California officials overhaul outreach efforts for Healthy Families CHIP, MediCal programs

More than 1 million children eligible but not insured

Hoping to rescue its sputtering children’s health programs, California has streamlined its application, increased incentives to processors, and now channels applications into a central processing point. Even so, the state is a long way from enrolling even a fraction of its uninsured children, and still has major hurdles to get over, including how it will treat immigrants.

The state’s actions come against the backdrop of a September report by the 100% Campaign, which found that more than one million uninsured California children are eligible for either MediCal, California’s Medicaid program, or Healthy Families, the state’s Children’s Health Insurance Program (CHIP).

At this point, even the state’s own goals for CHIP enrollment appear distant. As of November, the state had enrolled about 50,000 of the 400,000 children targeted for enrollment through fiscal 2000.

California’s outreach efforts were behind the curve in a number of areas, says Dawn Horner, manager of policy and research for the Children’s Partnership, one of the member advocacy groups in the 100% Campaign. Advocates have cited numerous problems, including the complexity of the application, the lack of a central entry point, and how the state has dealt with immigrants who may be eligible for coverage.

The most significant recent change is in the application form for Healthy Families and MediCal. It has been shrunk from an intimidating 28-page document that required a variety of financial calculations to a far simpler four pages.

"Having a form that was 28 pages long seemed to be a deterrent, where individuals would not even try to complete it," says Teri Hodges, spokeswoman for the state Department of Health Services. "A lot of income definitions, a lot of computations" were removed from the application, says Ms. Hodges.

Instead of requiring applicants to figure out the numbers, the state will rely on application assistants—workers with various community organizations where families can apply for the programs—to do the math and understand the eligibility rules. The state has raised the reimbursement to those community assistants from $25 to $50 per application as an added incentive for participation, Ms. Hodges says.

Another important change is that families will be able to apply for health coverage for their children without first determining the program for which they are eligible. The streamlined forms will be mailed to a central processing location, where staff will determine whether applicants are eligible for MediCal or Healthy Families, and then channel them into the appropriate program.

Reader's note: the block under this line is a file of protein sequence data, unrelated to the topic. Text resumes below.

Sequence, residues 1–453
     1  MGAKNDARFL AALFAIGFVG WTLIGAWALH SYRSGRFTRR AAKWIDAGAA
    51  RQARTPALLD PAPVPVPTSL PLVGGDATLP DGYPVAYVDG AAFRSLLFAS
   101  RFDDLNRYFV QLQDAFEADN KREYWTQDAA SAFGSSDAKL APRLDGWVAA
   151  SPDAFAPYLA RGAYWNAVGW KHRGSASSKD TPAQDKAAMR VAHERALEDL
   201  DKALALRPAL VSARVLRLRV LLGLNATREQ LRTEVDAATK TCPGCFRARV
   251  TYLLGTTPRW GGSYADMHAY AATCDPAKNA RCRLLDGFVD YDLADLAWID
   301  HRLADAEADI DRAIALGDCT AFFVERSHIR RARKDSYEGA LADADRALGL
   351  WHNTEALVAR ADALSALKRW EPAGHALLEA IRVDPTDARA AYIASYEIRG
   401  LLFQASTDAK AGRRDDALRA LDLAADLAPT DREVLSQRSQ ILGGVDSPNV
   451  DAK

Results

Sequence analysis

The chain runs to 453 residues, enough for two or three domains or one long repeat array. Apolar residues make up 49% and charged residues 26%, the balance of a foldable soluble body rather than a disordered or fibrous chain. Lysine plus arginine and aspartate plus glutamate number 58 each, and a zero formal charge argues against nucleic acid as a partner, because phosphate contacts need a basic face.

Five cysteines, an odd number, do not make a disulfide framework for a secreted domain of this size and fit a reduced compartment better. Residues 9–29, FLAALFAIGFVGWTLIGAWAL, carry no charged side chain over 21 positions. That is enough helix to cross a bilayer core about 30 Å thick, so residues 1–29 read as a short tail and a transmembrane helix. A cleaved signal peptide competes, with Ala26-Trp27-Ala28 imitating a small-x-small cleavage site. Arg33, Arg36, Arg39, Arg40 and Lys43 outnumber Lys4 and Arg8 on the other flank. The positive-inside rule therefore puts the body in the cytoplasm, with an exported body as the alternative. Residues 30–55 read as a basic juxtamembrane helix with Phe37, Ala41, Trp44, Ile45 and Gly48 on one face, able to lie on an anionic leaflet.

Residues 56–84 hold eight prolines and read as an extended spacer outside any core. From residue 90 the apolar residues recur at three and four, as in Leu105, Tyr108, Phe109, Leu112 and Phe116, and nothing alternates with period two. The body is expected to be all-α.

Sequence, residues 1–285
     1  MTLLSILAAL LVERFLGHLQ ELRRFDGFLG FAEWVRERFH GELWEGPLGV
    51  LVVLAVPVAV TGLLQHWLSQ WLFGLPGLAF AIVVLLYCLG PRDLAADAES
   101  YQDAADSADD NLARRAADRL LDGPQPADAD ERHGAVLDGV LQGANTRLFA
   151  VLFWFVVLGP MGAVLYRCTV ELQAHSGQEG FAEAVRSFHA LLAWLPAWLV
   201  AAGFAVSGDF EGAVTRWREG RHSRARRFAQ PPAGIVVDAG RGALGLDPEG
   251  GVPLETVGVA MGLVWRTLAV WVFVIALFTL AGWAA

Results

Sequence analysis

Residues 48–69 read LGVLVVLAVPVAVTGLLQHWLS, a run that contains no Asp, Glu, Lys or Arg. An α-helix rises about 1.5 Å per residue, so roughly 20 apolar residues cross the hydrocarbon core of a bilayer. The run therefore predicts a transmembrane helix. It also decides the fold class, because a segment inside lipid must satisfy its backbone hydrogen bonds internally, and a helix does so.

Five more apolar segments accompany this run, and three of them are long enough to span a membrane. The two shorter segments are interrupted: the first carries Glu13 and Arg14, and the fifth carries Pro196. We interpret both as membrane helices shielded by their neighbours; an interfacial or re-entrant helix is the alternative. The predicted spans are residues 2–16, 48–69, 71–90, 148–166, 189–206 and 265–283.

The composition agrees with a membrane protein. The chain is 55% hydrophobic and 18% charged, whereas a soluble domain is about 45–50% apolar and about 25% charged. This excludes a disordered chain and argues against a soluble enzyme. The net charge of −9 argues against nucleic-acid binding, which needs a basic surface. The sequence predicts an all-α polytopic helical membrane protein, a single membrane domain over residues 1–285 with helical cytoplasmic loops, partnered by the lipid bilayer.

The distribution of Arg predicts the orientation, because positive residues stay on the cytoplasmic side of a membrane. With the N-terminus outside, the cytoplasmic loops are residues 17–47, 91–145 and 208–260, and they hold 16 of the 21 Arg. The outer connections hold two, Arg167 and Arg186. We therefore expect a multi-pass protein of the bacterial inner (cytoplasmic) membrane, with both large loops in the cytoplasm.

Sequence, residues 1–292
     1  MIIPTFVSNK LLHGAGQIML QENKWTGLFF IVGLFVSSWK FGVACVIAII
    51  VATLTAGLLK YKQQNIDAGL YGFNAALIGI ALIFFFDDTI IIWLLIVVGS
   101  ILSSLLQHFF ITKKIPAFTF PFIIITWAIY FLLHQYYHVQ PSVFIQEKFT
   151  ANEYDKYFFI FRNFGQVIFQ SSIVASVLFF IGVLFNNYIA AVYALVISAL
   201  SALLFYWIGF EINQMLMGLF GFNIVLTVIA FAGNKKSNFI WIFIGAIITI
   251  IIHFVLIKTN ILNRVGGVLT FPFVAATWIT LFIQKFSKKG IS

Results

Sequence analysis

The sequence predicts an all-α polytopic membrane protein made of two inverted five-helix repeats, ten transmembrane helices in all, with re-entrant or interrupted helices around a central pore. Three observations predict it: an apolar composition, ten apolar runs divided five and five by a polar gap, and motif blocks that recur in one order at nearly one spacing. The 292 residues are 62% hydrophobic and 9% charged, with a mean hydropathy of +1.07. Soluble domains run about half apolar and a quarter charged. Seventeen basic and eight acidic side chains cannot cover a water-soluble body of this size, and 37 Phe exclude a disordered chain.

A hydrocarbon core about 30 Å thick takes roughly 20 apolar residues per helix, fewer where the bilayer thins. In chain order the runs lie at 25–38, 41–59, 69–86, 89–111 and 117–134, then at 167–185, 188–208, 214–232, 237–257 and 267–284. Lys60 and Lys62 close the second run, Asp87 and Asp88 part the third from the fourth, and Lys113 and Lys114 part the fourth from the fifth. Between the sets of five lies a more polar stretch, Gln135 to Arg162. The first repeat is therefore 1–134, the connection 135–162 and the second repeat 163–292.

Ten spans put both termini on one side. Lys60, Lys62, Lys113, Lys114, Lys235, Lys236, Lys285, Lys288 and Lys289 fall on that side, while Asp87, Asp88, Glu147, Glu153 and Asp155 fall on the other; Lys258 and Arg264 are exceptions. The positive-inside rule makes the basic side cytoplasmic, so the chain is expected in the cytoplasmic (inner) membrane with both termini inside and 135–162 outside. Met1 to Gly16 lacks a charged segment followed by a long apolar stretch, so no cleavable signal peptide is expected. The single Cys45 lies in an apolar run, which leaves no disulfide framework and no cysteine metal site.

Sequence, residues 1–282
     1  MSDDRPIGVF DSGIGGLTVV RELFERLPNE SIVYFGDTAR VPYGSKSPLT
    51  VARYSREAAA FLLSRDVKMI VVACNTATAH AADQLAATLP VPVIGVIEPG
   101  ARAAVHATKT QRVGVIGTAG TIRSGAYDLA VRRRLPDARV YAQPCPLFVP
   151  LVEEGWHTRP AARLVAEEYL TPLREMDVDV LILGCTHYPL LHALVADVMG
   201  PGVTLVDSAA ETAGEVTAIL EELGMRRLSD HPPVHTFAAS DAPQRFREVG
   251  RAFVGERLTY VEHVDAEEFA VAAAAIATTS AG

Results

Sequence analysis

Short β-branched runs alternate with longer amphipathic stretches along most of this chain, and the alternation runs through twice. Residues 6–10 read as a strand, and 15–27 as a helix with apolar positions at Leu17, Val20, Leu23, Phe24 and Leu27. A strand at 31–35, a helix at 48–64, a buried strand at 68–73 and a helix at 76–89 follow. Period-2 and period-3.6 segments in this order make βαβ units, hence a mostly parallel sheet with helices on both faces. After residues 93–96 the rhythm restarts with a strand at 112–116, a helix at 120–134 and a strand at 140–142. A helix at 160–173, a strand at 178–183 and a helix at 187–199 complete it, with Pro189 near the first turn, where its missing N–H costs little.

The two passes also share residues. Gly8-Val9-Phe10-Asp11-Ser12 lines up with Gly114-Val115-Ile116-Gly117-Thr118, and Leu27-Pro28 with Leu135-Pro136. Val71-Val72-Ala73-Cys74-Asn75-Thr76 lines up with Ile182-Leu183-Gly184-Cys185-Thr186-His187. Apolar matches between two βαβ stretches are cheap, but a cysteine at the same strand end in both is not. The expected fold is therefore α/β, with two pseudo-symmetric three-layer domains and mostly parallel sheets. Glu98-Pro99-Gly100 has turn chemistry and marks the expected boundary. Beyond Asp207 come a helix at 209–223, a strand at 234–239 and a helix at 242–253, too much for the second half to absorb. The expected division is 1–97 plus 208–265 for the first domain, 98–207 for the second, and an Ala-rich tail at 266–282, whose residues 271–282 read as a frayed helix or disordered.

"A number of states have had a single point of entry from the beginning of their programs," Ms. Horner notes. Unlike many other states that allow applicants to certify that they’re eligible for the programs, California continues to require a large number of documents demonstrating eligibility.

The state also is pressuring the federal government to make it clear that members of immigrant families who apply for the programs will not damage their chances of becoming citizens or resident aliens. This concern also has cropped up, though to a lesser extent, in other states with large immigrant populations, such as Texas and Florida. In California, it is a major stumbling block to signing kids up for coverage.

The children themselves are eligible for health benefits regardless of whether they are citizens. The problem arises when the eligible child is a member of a family of legal immigrants who may seek to become citizens.

If a member of a family is receiving any sort of public assistance—a "public charge," in U.S. Immigration and Naturalization Service lingo—the assistance can complicate other family members’ immigration statuses. Parents worry that if they sign their kids up for Healthy Families or MediCal, they may lose their chance of becoming citizens themselves.

"All the advocacy groups that work with immigrants we’ve talked to say they don’t feel they can tell families to go ahead and apply," Ms. Horner says.

The INS says if the child of an immigrant was born here and is therefore an American citizen, signing up for one of the programs won’t affect his or her parents’ immigration status. But the agency has not said what the impact would be on families whose children are not citizens.

Some states also have tried to avoid problems with immigration status in its outreach efforts. New York, for example, does not ask the parents of children applying to its Child Health Plus program for their Social Security numbers, and never inquires about citizenship.

Despite the problems, Ms. Horner praises California officials for their responsiveness to advocates’ concerns.

"What California’s done that’s unique is it’s brought the advocates into the program to develop it," she says. California may become even more responsive under new Gov. Gray Davis, Ms. Horner adds.

The 100% Campaign is pushing for expansion of Healthy Families to children in families earning between 200% and 300% of the federal poverty level (about $50,000 for a family of four in California). During the gubernatorial campaign, Mr. Davis supported an expansion of the program, "although he didn’t give specifics," Ms. Horner says. "He said he wanted to use the federal money remaining on the table."

Ms. Horner is referring to the roughly $2 billion in federal funds for which the state would be eligible but would not have spent by fiscal year 2000, even if the current Healthy Families program were fully implemented.